OTPIC Officially Retired

As of December 2, 2005, the Online Training Program on Intractable Conflict (OTPIC) has been officially retired, and is no longer open to new registrations.

The successor to OTPIC is a course called Dealing Constructively with Intractable Conflicts (DCIC). The new curriculum is built around one of our major projects, Beyond Intractability, and offers a much more extensive and informative set of learning materials than that available through OTPIC.

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International Online Training Program On Intractable Conflict

Conflict Research Consortium, University of Colorado, USA

Treating Integrative Problems

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We use the term "integrative power" to refer to the power that holds people and societies together.  It is the bonds--the feelings of commonality, belonging, of respect-- that people have with others in their own "group."  (By "group" we mean family, or community, or religion, or workplace, or ethnicity--any source of identity that helps people feel as if they are part of one group, which is distinct from another.)  Although it is not commonly considered a source of power, leading conflict theorist Kenneth Boulding argued that integrative power is potentially the most powerful form of power that there is--more so than exchange and force (which make up his other two "faces of power" in his book the Three Faces of Power.) As Boulding points out, even in war-torn societies, there are usually strong bonds between people on the same side.  Without such bonds, the group would disintegrate and continuation of the conflict through force would become impossible.   Hence, even force requires the integrative system to be effective, in some form, in order to operate.  The treatment options in the following list are all methods that can be used to strengthen relationships and thus the integrative system, which then can help reduce destructive conflict and enhance constructive confrontation of core issues.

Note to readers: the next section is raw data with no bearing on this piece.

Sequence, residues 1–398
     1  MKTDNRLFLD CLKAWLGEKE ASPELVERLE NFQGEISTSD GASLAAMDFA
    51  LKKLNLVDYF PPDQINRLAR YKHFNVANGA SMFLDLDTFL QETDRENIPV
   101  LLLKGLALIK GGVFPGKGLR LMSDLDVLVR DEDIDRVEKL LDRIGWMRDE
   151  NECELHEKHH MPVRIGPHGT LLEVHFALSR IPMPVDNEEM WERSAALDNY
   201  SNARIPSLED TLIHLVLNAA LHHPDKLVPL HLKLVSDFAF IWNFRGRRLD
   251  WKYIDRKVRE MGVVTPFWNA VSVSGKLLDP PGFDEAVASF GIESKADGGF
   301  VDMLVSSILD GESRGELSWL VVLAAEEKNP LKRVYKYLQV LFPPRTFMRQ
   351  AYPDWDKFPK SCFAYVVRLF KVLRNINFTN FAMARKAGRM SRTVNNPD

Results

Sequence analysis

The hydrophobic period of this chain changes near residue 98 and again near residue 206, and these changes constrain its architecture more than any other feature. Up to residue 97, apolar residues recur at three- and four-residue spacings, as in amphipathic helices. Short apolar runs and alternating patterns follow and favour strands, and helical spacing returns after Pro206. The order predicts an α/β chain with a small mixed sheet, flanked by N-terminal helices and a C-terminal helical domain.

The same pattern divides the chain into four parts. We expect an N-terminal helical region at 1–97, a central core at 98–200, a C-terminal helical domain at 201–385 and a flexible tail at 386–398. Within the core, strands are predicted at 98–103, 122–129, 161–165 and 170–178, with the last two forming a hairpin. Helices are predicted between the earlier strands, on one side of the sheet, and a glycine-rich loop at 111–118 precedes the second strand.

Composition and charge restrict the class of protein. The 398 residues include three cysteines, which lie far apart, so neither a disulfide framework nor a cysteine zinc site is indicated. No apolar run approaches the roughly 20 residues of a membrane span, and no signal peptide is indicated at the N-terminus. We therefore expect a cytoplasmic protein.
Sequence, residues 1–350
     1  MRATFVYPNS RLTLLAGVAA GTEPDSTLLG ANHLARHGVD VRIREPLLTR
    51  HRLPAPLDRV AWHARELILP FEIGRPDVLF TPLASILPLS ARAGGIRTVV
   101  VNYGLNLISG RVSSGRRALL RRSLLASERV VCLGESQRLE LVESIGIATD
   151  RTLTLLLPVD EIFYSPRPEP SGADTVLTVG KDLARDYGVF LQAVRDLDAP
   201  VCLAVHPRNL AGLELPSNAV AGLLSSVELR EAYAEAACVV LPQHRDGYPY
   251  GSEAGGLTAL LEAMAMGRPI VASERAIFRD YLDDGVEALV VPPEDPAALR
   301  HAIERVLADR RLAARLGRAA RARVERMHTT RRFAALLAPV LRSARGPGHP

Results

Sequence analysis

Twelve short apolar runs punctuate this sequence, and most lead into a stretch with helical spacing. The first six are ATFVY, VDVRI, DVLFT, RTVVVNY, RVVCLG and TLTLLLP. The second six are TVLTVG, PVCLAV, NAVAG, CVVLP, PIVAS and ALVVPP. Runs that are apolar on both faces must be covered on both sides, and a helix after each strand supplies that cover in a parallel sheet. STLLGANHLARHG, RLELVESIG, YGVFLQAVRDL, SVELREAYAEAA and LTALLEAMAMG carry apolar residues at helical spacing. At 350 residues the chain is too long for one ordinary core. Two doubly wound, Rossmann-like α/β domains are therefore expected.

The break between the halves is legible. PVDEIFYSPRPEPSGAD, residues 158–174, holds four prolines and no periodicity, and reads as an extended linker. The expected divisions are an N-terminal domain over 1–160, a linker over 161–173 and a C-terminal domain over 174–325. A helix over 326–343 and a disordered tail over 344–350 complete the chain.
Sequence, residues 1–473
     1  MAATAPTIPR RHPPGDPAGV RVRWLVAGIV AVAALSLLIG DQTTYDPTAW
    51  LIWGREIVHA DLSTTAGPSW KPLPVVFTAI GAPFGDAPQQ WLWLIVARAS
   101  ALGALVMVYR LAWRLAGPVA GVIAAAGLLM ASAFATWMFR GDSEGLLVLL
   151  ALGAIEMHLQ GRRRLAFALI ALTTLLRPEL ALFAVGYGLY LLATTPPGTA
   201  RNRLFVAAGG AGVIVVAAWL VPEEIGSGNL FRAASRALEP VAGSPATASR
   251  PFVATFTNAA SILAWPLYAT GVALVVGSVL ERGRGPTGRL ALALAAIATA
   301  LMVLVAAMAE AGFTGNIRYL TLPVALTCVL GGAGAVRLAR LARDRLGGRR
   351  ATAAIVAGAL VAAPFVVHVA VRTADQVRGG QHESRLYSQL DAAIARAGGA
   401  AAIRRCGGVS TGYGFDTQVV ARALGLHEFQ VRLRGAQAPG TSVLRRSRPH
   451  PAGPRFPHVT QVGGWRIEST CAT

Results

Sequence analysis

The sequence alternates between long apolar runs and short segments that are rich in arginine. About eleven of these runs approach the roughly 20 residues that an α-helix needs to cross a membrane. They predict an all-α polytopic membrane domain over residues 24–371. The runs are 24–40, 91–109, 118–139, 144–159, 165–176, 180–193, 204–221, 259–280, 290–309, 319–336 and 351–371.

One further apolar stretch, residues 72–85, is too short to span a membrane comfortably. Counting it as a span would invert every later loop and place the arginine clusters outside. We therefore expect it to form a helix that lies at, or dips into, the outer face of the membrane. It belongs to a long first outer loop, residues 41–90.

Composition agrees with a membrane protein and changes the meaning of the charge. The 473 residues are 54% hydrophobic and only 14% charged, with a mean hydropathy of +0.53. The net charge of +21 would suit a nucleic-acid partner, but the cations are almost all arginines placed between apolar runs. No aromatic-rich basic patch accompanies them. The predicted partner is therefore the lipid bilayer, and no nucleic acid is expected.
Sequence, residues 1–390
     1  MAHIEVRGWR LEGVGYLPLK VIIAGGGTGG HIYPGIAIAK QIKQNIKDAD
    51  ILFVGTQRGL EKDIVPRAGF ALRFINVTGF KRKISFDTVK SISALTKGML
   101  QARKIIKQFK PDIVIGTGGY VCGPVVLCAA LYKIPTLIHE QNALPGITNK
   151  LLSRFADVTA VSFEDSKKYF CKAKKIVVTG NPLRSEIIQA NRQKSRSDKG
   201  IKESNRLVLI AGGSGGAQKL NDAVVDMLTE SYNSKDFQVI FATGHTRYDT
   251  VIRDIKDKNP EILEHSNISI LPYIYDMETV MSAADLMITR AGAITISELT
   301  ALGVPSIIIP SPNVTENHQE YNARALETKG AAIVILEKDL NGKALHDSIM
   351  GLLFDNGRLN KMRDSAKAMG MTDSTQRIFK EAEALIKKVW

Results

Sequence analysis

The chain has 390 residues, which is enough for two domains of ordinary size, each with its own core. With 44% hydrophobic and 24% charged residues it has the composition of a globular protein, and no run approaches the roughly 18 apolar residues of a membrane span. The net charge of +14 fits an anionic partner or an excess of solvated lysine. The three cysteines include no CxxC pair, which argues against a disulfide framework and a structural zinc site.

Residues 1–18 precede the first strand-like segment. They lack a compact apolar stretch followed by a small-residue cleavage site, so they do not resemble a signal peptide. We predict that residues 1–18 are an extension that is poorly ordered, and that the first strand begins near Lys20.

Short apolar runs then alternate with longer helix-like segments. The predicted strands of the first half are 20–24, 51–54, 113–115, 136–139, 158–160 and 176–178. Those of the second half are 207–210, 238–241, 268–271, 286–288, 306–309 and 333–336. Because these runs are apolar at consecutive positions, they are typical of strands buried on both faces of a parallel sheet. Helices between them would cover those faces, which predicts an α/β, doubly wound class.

Click here to see the full list of integrative treatment options.


Copyright 1998 Conflict Research Consortium  -- Contact: crc@colorado.edu